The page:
Obsessive-compulsive disorder, or OCD, affects millions of Americans each year, both adults and children. OCD is an anxiety disorder that impacts behavior and thoughts. It might include being overly neat and organized, perfectionistic, and unable to stop compulsively doing certain behaviors. Understanding OCD, its signs and symptoms, and what treatments are available can help you or a loved one struggling with this disorder.
The Arbor Behavioral Healthcare offers treatment programs for substance use disorder and co-occurring mental health conditions like OCD. Contact 844.413.2690 to learn more.
What Is OCD?
OCD is an anxiety disorder that causes people to have unwanted, intrusive thoughts and engage in compulsive behaviors. It is often characterized by an inability to resist impulses or engaging in repetitive behavior.
What Causes OCD?
The cause of OCD is unknown, though it is likely a combination of biological and environmental factors. Some research suggests that OCD might have genetic components, while others point to problems in some regions of the brain.
Symptoms of OCD
OCD symptoms include a specific type of unwanted thoughts, called obsession and compulsions, that people with OCD feel they must do to manage anxiety. Anxiety is the root of obsessions and compulsions. These obsessions and compulsions of OCD can have any or all of the following characteristics:
- Unwanted thoughts that are not controllable
- Often have a theme around dirt or germs
- Focused on arranging things to appear symmetrical
- Upsetting or distressing
- Behaviors that include obsessive thoughts or distressing feelings
- Related to obsessions, including hand-washing
- Relieves anxiety only briefly, then builds and starts over again
- Obvious to others which creates embarrassment and shame but cannot control the behavior
Even though it is common for people to experience some mild obsessions or compulsions during times of stress, OCD is not the same as having a once-in-a-while habit. The important part of OCD, as defined by clinical professionals, is how it interferes with a person’s everyday life. If a significant interruption occurs, or some OCD obsessions and compulsions require one or more hours per day to manage, it may be time to seek help.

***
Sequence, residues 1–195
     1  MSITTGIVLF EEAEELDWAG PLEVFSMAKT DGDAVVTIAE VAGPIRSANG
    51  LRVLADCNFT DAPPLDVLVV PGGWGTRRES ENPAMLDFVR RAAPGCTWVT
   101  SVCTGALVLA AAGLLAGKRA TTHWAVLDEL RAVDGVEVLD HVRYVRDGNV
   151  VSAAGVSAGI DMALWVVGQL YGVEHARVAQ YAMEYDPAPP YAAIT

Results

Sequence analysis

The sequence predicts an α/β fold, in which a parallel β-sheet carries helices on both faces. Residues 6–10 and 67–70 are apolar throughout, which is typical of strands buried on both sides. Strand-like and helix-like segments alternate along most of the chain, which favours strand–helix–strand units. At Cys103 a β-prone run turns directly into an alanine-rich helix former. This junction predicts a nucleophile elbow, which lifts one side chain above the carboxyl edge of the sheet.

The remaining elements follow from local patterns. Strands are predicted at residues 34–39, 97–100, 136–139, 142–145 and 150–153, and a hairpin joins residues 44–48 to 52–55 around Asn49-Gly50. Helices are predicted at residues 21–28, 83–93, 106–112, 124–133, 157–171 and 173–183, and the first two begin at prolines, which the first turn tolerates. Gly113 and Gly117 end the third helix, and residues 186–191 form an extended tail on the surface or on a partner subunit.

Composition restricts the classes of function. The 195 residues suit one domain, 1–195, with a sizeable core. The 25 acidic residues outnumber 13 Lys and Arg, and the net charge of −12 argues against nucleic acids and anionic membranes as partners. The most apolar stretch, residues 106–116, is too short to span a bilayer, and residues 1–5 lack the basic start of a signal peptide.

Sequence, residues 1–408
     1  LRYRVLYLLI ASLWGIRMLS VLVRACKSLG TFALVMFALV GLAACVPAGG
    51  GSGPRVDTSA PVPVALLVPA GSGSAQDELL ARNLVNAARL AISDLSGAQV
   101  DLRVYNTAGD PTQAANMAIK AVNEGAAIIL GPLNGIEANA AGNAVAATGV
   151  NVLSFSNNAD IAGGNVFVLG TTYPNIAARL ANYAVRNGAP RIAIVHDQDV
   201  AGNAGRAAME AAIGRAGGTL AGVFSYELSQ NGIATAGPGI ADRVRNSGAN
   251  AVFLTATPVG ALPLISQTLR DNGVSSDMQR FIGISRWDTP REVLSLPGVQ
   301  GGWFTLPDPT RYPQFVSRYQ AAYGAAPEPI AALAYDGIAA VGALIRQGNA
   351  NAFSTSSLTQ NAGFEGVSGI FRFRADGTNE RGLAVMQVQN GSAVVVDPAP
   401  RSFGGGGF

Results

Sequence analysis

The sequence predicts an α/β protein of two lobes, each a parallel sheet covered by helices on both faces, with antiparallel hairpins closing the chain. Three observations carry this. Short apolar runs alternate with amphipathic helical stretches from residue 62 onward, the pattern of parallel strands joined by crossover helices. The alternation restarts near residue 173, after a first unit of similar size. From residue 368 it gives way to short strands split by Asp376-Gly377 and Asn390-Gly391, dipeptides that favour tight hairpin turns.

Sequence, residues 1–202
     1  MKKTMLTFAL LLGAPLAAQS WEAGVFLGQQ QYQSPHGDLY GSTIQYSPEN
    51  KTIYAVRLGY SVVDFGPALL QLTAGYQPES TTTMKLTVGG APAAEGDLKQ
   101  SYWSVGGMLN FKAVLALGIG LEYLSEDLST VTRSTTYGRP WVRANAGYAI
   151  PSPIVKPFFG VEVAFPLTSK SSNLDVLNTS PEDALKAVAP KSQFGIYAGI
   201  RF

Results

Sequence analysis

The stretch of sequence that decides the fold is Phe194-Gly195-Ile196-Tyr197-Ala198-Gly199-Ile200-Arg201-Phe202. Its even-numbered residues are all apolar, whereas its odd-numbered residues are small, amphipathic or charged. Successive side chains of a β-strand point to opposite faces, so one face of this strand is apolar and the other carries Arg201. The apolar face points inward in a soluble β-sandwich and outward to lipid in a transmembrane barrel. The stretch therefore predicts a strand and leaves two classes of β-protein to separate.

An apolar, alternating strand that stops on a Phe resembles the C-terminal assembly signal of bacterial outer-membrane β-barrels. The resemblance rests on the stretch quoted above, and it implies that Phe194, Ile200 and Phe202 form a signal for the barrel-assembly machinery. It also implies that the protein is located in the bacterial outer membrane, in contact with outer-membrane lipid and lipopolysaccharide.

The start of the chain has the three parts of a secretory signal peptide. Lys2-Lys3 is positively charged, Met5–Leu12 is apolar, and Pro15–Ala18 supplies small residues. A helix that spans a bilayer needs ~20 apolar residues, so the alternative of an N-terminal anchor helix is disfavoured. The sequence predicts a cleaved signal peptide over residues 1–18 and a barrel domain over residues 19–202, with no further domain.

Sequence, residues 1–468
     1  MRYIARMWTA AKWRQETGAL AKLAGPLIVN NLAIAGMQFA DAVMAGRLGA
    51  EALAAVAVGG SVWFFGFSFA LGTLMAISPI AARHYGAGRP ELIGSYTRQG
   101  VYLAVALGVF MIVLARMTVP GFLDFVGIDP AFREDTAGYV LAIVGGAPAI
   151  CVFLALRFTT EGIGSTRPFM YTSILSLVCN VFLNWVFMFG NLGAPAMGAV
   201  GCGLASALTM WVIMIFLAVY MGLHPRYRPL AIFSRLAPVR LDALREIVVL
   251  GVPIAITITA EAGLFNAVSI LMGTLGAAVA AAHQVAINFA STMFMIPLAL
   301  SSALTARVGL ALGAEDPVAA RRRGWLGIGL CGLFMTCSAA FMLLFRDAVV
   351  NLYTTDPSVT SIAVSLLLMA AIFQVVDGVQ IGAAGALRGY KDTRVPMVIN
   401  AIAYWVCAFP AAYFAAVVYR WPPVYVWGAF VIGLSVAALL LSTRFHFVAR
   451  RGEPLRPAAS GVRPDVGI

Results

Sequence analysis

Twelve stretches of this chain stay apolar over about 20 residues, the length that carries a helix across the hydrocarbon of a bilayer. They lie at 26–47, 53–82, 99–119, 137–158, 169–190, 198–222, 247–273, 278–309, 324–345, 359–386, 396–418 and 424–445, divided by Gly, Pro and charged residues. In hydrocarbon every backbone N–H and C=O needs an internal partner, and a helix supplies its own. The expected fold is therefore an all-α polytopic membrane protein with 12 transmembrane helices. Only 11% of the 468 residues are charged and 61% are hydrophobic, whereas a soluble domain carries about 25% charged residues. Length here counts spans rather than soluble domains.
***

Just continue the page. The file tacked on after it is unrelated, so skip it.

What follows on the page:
Treatment for OCD
OCD is treatable with the right interventions. A primary care physician may diagnose OCD, but if doubts and complexities arise, a person may be referred to a psychiatrist. Effective treatments do exist. This may include:
- Medications known to be effective in easing symptoms of OCD, including antidepressants such as:
- fluvoxamine (Luvox®)
- fluoxetine (Prozac®)
- sertraline (Zoloft®)
- paroxetine (Paxil®)
- citalopram (Celexa®)*
- clomipramine (Anafranil®)
- escitalopram (Lexapro®)
- venlafaxine (Effexor®)
- Cognitive behavioral therapy (CBT) in which a person learns to regain control of thoughts
- Additional evidence-based therapeutic approaches as determined by physicians and therapists.
OCD can be a debilitating mental illness, but even in severe cases, there are reasons to be hopeful and optimistic. People with OCD can feel better and function well with compassionate support and professional treatment.
Reach Out to The Arbor for Help Understanding OCD
If you or a loved one are struggling with OCD, do not wait to seek professional treatment and help in understanding OCD. There are treatment options available that include medication, therapy, and other holistic approaches.
The experienced clinicians at The Arbor are here to provide compassionate care and support. Our goal is to create an individualized treatment plan tailored to you or your loved one’s needs so that they can reach the full potential of their recovery.
Arbor Behavioral Healthcare knows lifetime sobriety, health, and wellness are possible. Each of our treatment programs offers the opportunity for holistic healing utilizing an integrative approach for the recovery of mind, body, and spirit. You can recover. You will recover. Call us today for more information at 844.413.2690 or reach out online.